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where the bike lane meets the sidewalk

December 1, 2010

Bike on Bridge

I recently wrote about my holiday shopping trip by bike. While I had many cheerful pictures of decorated storefronts and holidays lights to share, I left out another aspect of this shopping trip. Going to Borders, Best Buy, and Aldi meant riding into the ‘business district’ where all the large chain stores and chain restaurants reside. My usual commute is confined to trips from my house, to campus, and to the historic downtown with its quaint neighborhood streets and one street of shops and very limited traffic. The area of town housing the mega chain stores is another beast altogether.

It’s accessible by large (usually four lane) roads that lead to huge parking lots all connected by other parking lots. There are no bikes lanes along these roads. But there are sidewalks! Because there are no bike lanes, it is legal for bikes to use sidewalks in our town (this is not a good thing). But it is good that these sidewalks exist and – having no other option – I was happy to use them. They are generally well lit and well paved and they took me all the way to where I needed to go.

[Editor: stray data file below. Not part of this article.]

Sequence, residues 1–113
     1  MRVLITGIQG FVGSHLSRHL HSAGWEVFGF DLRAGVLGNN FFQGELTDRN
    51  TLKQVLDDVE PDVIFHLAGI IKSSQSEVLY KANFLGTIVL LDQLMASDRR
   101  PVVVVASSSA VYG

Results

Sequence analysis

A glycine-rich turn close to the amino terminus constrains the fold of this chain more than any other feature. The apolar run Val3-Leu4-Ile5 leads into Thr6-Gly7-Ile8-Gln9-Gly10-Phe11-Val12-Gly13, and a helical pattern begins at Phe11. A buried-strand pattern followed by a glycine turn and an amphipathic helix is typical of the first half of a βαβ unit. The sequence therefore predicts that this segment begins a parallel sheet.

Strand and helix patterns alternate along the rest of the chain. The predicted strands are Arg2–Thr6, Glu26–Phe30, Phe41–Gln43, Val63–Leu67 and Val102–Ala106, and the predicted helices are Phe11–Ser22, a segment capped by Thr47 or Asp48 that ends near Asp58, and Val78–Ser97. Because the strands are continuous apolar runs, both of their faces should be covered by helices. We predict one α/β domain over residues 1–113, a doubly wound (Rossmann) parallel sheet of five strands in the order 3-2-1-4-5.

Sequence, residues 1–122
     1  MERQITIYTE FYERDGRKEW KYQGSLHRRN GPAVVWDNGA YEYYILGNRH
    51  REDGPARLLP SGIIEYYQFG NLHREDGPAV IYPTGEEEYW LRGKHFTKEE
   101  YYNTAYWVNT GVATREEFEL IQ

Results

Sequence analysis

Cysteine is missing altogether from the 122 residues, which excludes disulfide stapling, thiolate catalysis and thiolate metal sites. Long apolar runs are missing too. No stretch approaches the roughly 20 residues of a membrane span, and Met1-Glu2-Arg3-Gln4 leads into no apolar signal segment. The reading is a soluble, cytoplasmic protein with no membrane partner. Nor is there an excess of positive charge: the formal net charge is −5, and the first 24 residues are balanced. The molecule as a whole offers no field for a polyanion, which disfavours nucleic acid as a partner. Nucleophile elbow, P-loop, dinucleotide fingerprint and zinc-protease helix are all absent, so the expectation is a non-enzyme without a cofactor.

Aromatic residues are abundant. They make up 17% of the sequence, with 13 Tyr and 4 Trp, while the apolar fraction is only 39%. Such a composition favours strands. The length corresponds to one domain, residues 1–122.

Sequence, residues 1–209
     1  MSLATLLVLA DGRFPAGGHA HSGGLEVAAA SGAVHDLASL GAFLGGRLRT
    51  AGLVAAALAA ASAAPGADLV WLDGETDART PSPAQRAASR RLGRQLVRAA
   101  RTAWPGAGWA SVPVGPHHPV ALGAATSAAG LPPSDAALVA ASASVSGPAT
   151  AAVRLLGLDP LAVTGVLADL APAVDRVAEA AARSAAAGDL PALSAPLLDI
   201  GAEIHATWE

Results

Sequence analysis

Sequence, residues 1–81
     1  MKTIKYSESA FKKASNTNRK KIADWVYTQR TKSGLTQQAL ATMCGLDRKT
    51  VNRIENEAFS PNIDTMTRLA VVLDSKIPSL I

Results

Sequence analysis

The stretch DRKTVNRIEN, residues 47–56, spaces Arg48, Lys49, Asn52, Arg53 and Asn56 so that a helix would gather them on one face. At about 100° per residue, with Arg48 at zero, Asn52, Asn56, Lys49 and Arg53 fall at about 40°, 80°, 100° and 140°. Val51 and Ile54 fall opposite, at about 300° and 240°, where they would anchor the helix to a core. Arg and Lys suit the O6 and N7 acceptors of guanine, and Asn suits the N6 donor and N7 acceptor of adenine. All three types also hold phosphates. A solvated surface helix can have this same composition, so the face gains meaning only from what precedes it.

Business district

It’s not an ideal bike situation but it’s a very doable and safe one (you’re removed from cars by an actual barrier). And given that it was between 5-7 pm (already getting dark out) and 35 F, I had no pedestrians competing for that sidewalk space with me.

(Honestly, the worst part was the parking lots. With no sidewalks and with cars potentially coming from all sides, I was on super high alert and constantly checking my sides and behind me to make sure drivers noticed me.)

I had always been somewhat intimidated by that side of town. I knew it to have huge roads with heavy traffic and no bike lanes. I wasn’t sure how much of it was made available by a sidewalk. But I’m really glad I just went out there and attempted to ride to my destinations. And it worked. Sometimes you really don’t need a perfect solution, just a viable one. And I’ll take that sidewalk for now, it’s better than nothing at all.

Business District

15 Comments leave one →
  1. December 1, 2010 18:26

    Sorry, but I had to giggle a littel bit. It’s so recognizable! Altough we don’t have the double lane roads in town, I dó recognize the parking lots problems!

    Anyway.. good job! ;o)

    • December 1, 2010 19:14